KA: Well, not really, because it’s kh-aan, because well, kh is a phonemic element in Urdu with no equivalent in English—
AR: Yeah, so even then it’s not—
KA: But it’s fine. Like, we’ll let it go, hah!
AR: Whereas with Fatima, it’s a more difficult name to pronounce for Americans, in all kinds of different ways. So, her name reflects that she won’t pass as white or American, and she’s not trying to.
KA: How do you read that? Is that fine by her, or does she sort of crave American assimilation in a different way? She wants a great job, she’s a go-getter, she wants to work in the US, but she’s not fully willing to let go of ‘her’ culture, right?
AR: Oh, for sure.
KA: It’s funny, I didn’t come here for college, I came for graduate school. And there’s a big difference! A lot of the people I know who came for graduate school were steeped in and taught postcolonial theory as a sort of armor. Fatima—I don’t think it’s vocalized very much—has a significant amount of pride, correct? She’s not willing to debase herself to seem more American. There’s an integrity there that perhaps Sebastian is enamored by?
AR: Yes, I mean their first conversation is about her not drinking, and he drinks a lot!
KA: Which annoys him.
AR: Yeah, but at the same time he’s also intrigued by it. They’re similar in certain ways but they’re also very different. Drinking was always a great example of a way of defining your Muslim identity, in the immigrant community. —that, and not eating pepperoni pizza! And then in college there were some people who were raised as Muslim who did drink and others who didn’t. And funnily enough, the international students from Muslim countries—all of them drank! I remember a conversation with an Egyptian guy where I asked him about that tension, about whether he felt hypocritical for subscribing to a Muslim identity even though he drank, and he said: “Of course not! Everyone in Egypt drinks!” I realized it was an immigrant community’s way of defining their own identity, and for Fatima it’s a way of defining herself to not drink in a hedonistic landscape where everyone does.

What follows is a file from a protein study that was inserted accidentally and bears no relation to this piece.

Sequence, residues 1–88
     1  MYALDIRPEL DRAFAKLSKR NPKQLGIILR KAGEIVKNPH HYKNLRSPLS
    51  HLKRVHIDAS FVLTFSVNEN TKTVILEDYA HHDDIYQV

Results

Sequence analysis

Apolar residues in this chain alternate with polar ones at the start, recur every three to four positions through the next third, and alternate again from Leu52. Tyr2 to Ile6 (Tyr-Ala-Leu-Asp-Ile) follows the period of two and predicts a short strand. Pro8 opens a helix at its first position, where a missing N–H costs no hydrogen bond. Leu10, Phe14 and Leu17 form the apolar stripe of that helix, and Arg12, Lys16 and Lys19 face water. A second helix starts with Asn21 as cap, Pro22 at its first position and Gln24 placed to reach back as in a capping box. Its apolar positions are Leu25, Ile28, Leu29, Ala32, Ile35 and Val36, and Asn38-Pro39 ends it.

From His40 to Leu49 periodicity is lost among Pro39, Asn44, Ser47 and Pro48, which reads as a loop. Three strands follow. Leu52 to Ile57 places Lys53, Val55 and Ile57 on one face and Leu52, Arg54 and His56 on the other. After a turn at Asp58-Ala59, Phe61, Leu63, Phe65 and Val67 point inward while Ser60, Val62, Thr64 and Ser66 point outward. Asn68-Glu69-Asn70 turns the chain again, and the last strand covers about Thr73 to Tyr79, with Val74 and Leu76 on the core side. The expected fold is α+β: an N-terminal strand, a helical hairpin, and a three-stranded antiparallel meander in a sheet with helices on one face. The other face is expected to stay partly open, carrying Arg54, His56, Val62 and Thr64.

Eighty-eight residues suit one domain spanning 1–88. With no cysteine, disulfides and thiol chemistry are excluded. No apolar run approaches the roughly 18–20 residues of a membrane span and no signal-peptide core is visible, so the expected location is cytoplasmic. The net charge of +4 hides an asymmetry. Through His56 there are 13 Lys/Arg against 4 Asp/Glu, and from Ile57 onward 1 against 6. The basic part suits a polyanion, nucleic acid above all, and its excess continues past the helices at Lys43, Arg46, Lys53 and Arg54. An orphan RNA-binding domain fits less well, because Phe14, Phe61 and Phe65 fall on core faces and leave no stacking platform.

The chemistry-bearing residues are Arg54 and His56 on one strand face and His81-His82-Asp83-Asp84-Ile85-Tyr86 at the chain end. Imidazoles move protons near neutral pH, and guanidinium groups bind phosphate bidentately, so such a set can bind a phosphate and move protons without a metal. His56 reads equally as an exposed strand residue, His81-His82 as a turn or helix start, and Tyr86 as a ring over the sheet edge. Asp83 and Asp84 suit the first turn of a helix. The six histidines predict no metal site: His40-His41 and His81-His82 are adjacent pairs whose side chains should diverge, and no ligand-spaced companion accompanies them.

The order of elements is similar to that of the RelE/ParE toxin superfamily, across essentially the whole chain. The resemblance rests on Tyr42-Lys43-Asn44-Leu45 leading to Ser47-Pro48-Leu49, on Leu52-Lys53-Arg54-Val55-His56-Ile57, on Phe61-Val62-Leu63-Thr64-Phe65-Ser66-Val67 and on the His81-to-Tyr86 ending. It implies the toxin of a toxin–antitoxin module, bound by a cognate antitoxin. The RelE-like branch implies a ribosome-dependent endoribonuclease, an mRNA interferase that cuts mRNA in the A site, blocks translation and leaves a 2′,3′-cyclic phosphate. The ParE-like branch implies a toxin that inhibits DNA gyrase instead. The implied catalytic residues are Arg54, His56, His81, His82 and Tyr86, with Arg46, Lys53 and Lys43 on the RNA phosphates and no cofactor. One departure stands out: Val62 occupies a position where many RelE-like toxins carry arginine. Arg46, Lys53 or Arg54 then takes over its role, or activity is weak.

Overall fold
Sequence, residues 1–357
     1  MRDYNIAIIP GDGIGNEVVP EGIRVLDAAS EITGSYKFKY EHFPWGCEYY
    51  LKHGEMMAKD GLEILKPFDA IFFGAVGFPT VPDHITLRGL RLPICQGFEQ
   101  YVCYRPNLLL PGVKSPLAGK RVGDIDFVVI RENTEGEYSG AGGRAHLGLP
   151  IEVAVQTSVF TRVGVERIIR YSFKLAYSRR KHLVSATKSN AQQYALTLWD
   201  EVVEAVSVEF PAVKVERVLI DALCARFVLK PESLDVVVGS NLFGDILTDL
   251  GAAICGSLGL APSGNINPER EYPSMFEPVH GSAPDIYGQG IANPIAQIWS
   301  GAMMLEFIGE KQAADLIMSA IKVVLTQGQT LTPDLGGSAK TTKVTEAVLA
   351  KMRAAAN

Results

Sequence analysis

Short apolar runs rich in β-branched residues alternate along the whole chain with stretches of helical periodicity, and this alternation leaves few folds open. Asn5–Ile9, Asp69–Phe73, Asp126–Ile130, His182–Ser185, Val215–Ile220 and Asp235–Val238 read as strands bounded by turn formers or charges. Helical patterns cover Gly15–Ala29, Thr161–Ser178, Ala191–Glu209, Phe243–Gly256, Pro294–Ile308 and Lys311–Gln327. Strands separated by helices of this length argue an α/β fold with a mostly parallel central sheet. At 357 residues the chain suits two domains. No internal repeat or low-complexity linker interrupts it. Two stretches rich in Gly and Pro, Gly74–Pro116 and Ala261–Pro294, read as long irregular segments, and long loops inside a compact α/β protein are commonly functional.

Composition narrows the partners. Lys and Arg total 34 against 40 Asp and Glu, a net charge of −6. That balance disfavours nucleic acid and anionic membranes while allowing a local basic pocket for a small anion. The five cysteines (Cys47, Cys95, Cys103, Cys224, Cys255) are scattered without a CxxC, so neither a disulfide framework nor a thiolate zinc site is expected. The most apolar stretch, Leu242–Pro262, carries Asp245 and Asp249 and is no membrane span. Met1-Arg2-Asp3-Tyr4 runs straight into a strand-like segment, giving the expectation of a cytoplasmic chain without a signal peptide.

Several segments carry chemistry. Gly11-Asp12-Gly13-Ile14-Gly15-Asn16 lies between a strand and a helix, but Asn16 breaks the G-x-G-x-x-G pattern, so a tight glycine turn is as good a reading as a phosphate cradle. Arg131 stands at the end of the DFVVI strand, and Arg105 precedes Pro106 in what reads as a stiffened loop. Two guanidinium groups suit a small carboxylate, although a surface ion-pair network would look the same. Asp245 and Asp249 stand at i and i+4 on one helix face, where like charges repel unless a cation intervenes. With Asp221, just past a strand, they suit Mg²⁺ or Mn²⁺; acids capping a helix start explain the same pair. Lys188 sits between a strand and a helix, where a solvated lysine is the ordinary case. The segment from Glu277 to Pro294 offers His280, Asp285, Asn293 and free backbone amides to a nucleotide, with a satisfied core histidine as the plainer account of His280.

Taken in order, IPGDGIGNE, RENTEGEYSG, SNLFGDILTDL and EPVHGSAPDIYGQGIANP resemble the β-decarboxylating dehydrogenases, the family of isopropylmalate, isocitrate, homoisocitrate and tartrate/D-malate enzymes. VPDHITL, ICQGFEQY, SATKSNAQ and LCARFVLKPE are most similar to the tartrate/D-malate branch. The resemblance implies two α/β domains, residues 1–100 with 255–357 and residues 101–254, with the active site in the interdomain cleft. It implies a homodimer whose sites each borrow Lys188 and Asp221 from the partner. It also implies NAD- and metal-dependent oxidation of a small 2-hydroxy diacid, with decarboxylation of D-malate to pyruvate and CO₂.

KA: But of course, she does relent. Which is interestingly natural to me for somebody who’s just moved, because “back home” it’s not perhaps viewed as hypocrisy as much as an ingrained duality because we’re not surrounded by neighbors of incredibly different cultures so we don’t have to erect as many barriers to “protect” our culture, because our culture is already everywhere, very annoyingly so! OK, so sharp pivot: I want to talk about process more. You weren’t an Art History major, but there’s a lot of pre-Raphaelite paintings, Renaissance paintings, neo-classical art in the novel. One of the exchanges I found the most interesting was one with Imogen where she asks why he’s not interested in Mughal paintings. Let me tell you my take on that, which is that I genuinely believe if someone were to say that to me I would be a little mad. I’d think: “Why? Why must I subscribe to anyone’s idea of what a brown man should be?” But Sebastian feels guilty about it, right?